What should clinicians tell their patients? “The message is prevention, not cure,” says Dr. Kuan. “It’s preferable to abstain from smoking (or stop smoking if you’ve started) and drink less alcohol if you want to lower your risk of developing AMD. Public health bodies should certainly be raising awareness that in addition to smoking leading to cancers and cardiovascular disease, and increased alcohol intake leading to liver damage, both of these activities can also lead to blindness. For some people, this might be a stronger deterrent.”


1. Kuan V, Warwick A, Hingorani A, et al. Association of smoking, alcohol consumption, blood pressure, body mass index, and glycemic risk factors with age-related macular degeneration: A Mendelian randomization study. JAMA Ophthalmology 2021. [Epub November 4, 2021].

2. Davies NM, Holmes MV, Smith GD. Reading Mendelian randomisation studies: A guide, glossary, and checklist for clinicians. BMJ 2018;362:k601.

3. Su X, Wong T. Revisiting the alcohol consumption association with age-related macular degeneration: What should we tell patients in 2021? JAMA Ophthalmology, Invited Commentary 2021. [Epub November 4, 2021].

The Blood Pressure/Glaucoma Connection

To assess the relationship between blood pressure and glaucoma, and learn whether or not medications play a part, researchers recently conducted a retrospective cohort study of a National Institutes of Health electronic health records database.1 They pointed out that the program is uniquely suited to studying glaucoma risk factors, as it offers comprehensive, longitudinal health information for more than a quarter of a million patients in the United States. They included patients with at least 15 months of follow-up and one BP measurement.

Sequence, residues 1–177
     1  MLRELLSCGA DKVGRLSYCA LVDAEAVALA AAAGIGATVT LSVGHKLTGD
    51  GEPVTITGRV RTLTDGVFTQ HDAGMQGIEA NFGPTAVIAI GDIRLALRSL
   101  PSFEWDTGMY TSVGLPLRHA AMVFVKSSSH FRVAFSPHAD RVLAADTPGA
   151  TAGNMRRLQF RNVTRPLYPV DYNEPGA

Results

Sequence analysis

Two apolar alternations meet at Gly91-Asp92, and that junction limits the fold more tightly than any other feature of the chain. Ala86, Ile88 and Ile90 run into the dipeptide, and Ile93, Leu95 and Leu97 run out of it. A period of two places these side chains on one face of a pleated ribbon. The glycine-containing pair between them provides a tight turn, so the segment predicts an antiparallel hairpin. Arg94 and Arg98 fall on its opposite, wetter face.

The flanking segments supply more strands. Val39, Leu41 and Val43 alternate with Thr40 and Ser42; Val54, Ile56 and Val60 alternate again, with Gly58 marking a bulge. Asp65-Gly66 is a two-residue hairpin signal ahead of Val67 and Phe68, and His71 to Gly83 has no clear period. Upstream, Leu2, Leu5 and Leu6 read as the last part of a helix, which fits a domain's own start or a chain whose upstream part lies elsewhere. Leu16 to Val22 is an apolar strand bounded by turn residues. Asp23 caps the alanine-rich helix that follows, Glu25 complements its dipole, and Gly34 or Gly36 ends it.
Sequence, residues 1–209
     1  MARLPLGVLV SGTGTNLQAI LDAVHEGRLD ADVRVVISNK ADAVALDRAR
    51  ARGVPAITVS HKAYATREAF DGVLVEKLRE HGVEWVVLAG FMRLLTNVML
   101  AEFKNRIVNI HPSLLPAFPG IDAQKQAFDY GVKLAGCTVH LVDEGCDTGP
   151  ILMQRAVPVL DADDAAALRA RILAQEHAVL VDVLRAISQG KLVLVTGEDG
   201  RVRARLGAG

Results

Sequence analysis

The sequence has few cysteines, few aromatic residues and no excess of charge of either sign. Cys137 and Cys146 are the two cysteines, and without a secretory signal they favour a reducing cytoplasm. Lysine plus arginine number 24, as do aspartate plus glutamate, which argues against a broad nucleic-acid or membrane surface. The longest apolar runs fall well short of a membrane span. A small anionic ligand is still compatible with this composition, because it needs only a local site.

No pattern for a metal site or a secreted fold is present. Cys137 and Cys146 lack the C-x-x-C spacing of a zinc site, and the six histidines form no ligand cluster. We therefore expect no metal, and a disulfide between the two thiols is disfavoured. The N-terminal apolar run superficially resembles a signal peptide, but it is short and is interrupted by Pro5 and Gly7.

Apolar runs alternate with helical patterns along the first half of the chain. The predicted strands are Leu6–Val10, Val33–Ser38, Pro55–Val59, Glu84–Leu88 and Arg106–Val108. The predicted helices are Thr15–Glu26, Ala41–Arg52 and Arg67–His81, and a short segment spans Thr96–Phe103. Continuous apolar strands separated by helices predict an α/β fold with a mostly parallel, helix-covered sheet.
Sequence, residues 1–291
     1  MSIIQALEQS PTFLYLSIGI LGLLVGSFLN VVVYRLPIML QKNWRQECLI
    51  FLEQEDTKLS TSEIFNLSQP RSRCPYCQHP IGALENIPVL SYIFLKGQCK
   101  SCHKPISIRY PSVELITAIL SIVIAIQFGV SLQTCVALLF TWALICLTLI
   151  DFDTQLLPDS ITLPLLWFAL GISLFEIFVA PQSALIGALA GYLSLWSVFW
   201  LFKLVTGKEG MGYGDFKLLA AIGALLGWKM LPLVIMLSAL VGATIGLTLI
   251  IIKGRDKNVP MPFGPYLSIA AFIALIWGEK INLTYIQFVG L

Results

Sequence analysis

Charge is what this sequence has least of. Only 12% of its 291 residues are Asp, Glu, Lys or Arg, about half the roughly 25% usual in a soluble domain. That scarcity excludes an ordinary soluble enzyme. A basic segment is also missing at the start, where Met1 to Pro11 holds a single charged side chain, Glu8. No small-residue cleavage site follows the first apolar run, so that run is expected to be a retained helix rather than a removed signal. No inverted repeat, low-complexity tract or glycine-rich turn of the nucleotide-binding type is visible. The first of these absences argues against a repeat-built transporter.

A total of 20,815 patients qualified for the study; of these, 462 developed OAG. The researchers reported that low BP, defined as mean arterial pressure (MAP) lower than 83 mmHg, was associated with an increased risk of developing OAG. High BP (MAP >101.3 mmHg) and the number of BP medication classes, on the other hand, weren’t associated with OAG after the researchers adjusted for covariates.

They also reported elevated risk among those who were Black, Hispanic, Latino, Asian, older and/or diabetic. Additionally, female sex was associated with a decreased risk of OAG development. They noted no significant interaction between arterial pressure and the number of BP medications on the risk of OAG development.

The researchers noted that though MAP didn’t differ significantly between patients who developed OAG and those who didn’t, its effect on OAG development was significant after controlling for confounding factors. “Increasing the number of BP medication classes appeared to be associated with increased hazard of developing OAG until other factors were adjusted for in multivariable regression,” they said. “These results suggest that all other factors being equal, lower BP is associated with increased risk of developing incident OAG.”